And what could be more polite and civilized than the English? My recent exposure to tha teevee also included the pilot episode of Jamestown, which being advertised as created by former Downton Abbey hotshots, inevitably caters to much the same middle class female audience. Now, when one has less to say, one tends to say it louder, and as Jamestown is of lower budget and quality than its predecessor, it compensated by ramping up the female chauvinism. Leaving aside other offenses, I was amused at the dramatic line used for advertisements:
"these men have been on their own for so long they've ceased being men"
First, just try reversing the polarity on that. Imagine a show being promoted with the line "these women have been on their own for so long they've ceased being women" and then imagine the ten ton boot that would be used to kick the hapless writer out the studio's doors.
Second, and more importantly, just try to gauge the unmitigated conceit of that statement. Those men have been suffering the privations, dangers, isolation, humiliation and terror of frontier life for a dozen years to provide you with a safety net upon your arrival. Oh, how saaaad for <you> that <they> suffered a dozen years of dehumanizing experiences!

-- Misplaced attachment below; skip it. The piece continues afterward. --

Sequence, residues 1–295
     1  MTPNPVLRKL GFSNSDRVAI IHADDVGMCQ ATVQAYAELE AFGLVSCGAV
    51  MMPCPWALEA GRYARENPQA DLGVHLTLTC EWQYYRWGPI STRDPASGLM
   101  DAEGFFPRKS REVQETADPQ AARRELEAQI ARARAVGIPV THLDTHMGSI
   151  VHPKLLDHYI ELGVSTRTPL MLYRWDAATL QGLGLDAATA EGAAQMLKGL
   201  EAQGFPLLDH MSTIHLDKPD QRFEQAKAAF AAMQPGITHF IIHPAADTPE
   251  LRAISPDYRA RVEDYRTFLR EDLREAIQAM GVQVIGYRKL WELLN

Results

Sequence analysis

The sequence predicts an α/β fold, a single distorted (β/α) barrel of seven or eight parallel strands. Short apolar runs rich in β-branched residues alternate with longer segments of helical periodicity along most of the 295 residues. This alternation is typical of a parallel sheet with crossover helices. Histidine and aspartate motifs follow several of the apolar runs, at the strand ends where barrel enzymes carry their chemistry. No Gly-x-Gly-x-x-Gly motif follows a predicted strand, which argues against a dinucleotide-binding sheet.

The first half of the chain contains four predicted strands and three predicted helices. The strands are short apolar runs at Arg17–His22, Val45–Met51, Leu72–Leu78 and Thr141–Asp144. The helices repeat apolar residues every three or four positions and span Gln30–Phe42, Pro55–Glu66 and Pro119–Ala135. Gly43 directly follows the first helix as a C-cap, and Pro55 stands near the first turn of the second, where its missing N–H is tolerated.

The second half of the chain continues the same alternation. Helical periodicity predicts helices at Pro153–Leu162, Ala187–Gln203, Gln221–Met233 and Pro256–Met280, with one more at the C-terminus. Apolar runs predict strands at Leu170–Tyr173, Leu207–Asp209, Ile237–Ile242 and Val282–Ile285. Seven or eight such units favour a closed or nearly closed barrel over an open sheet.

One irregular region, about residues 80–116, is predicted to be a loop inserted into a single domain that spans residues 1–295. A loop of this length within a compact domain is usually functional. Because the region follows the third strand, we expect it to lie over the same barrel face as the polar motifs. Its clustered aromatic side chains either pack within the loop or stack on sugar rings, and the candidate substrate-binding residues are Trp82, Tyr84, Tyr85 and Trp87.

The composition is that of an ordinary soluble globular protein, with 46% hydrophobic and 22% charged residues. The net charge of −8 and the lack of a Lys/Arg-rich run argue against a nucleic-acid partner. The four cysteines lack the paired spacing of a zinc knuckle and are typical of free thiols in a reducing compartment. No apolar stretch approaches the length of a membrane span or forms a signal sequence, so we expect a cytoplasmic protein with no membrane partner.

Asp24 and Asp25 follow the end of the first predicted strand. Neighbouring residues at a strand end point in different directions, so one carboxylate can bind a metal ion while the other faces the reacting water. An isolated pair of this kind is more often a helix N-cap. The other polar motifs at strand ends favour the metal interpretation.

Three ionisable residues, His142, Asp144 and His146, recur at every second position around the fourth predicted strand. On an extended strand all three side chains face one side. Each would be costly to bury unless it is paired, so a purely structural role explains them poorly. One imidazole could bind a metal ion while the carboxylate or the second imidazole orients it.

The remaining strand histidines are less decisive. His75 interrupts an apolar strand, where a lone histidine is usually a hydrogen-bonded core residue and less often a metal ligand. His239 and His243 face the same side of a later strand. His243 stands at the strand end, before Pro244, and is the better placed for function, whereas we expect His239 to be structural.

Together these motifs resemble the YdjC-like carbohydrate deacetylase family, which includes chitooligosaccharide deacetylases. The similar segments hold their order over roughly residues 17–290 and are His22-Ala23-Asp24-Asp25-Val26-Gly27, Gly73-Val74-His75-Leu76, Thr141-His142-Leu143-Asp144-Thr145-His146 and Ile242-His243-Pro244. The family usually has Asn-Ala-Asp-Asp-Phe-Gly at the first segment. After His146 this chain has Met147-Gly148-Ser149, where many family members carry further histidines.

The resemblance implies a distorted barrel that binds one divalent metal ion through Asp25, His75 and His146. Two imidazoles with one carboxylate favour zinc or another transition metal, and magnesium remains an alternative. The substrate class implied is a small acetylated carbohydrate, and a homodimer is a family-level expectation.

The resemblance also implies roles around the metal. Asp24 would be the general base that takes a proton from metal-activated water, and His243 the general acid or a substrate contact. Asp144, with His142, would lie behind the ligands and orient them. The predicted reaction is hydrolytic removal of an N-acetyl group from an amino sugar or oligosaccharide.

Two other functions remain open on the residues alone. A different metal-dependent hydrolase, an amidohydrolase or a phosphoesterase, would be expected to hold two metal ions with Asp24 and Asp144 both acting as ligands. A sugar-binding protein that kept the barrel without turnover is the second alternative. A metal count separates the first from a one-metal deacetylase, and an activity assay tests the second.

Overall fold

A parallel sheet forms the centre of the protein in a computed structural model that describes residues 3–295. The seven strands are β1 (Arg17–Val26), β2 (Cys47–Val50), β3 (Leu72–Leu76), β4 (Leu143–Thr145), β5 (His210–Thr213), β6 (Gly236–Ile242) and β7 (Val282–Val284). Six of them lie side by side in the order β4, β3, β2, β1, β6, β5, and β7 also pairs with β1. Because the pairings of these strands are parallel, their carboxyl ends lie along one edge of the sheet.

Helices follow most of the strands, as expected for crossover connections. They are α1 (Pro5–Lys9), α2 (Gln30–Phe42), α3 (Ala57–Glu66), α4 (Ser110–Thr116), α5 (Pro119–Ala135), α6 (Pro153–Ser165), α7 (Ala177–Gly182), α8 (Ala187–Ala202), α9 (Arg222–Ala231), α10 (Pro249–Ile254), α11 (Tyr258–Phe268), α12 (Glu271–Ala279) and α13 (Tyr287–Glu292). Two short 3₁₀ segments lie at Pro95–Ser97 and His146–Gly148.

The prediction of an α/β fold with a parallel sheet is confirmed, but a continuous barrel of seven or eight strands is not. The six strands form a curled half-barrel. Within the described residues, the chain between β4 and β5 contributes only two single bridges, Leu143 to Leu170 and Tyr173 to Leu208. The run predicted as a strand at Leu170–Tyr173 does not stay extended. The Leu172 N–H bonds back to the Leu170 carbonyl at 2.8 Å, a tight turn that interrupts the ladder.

But ok, let's switch media. Webcomics, for their relatively high creative freedom, youth appeal and need to incorporate audience expectations into rapidfire four-panel humor, present an interesting delineation of modern social acceptability and transgression. Take Questionable Content for instance, which recently had a male character yank a grey hair out of a female friend's head and mock her existential despair at getting old, pawing at her head for more grey hairs as she sat there whining pitifully. Cue laugh track. Then on the next page she innocently points out it's no worse than that one wrinkle he's gotten, at which point he pulls a knife on her and threatens her into recanting the observation while cowering from him.